Staithes Inns and Taverns
Village of Staithes consists of the modern village, standing
alongside the A174, which is the coast road from Middlesbrough
to Whitby, and then there is old Staithes, which is concealed
below the Cliffs. Access is by foot only, since the steep hill
into the old part means visitors vehicles are restricted. This
tiny olde worlde fishing village is completely unspoiled, with
its old cottages huddled together and crowding around the tiny
harbour. Narrow alleys and steep steps divide the buildings
which are constantly under threat from the sea. Thirteen houses
have been lost to the sea and in 1953 the Cod and Lobster Inn,
which stands adjacent to the waves was severely damaged. The
lifeboat station which caters for visitors, bears testimony
of how treacherous the sea can be. There are no amusement arcades,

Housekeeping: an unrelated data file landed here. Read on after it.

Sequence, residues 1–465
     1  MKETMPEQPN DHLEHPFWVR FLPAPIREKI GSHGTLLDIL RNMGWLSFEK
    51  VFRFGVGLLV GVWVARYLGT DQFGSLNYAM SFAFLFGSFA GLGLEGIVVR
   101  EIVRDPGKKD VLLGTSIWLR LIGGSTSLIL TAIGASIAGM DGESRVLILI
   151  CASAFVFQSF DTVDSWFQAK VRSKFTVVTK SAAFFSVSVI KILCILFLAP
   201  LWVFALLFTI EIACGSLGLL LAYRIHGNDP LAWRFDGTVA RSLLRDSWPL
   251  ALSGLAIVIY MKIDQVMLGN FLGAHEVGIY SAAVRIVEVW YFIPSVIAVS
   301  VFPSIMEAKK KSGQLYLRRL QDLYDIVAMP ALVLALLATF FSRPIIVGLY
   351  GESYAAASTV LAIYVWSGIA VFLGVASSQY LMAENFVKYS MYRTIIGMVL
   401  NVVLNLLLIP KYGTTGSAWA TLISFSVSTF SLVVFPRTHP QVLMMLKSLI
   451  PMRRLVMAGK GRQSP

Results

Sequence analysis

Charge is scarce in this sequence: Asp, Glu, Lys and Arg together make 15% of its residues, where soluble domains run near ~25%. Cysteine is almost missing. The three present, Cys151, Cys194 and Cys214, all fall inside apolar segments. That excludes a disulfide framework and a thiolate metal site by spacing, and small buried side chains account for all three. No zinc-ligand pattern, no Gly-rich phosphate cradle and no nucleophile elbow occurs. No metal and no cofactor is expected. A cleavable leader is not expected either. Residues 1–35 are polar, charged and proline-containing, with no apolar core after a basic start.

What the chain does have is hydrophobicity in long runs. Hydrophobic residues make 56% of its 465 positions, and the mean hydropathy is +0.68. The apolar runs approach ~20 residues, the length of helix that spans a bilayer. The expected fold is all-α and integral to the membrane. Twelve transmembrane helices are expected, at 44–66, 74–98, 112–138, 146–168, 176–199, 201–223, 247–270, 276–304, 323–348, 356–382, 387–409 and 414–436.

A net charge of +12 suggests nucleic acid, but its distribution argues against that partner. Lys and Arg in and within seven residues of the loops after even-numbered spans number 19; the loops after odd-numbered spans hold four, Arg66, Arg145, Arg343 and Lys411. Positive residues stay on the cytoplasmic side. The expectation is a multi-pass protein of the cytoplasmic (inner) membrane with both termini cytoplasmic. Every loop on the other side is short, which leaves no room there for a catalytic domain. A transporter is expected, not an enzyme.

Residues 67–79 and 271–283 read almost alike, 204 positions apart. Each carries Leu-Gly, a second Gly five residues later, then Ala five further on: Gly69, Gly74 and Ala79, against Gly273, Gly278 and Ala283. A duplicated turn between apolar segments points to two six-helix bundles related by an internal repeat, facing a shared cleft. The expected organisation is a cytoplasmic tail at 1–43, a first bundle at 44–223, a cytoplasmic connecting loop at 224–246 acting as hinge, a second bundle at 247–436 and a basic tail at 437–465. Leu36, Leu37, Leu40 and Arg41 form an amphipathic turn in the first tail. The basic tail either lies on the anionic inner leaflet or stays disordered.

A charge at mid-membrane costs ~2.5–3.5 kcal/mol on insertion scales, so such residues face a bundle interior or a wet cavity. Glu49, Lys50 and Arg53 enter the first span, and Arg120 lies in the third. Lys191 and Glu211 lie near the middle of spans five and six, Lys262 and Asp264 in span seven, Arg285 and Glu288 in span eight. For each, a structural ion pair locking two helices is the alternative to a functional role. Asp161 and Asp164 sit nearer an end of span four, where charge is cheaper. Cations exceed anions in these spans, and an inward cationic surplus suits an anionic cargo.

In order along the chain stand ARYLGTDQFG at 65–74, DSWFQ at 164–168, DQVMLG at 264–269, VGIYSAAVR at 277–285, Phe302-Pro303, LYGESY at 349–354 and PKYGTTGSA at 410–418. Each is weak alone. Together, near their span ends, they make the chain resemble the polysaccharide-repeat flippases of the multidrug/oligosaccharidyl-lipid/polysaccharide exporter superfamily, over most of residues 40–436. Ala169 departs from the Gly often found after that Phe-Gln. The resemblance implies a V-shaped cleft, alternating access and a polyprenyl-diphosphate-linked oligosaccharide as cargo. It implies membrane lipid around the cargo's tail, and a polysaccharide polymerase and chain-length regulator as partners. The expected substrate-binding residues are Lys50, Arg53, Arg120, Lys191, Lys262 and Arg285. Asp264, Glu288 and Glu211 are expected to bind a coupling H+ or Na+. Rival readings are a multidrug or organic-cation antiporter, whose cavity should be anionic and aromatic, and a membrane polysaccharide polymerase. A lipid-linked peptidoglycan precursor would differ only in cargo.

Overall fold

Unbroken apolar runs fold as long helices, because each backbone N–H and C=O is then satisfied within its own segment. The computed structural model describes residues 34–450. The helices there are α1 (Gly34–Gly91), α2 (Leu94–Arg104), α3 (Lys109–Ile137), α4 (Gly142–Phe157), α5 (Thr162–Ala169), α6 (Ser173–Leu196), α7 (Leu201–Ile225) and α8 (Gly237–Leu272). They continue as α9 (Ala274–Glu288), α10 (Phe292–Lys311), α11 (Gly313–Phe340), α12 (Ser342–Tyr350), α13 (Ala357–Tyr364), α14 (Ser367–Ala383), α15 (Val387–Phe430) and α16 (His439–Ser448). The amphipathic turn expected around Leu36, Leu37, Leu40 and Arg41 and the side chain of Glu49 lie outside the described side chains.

bingo halls, or any commercialization whatsoever. The village
has managed to retain its own character and is still reliant
to a lesser extent on fishing.
Captain James Cook, the most famous of navigators, was apprenticed
here to a grocer and draper on the seafront at the age of 17.
The shop where he worked has long been lost to the sea.
Whitby: History, Places to Visit,
Pub Lunch and Vampire Safety.
Fine Ales, Good Food and Accommodation
Fine Ales and Good Food
Repairs and Sales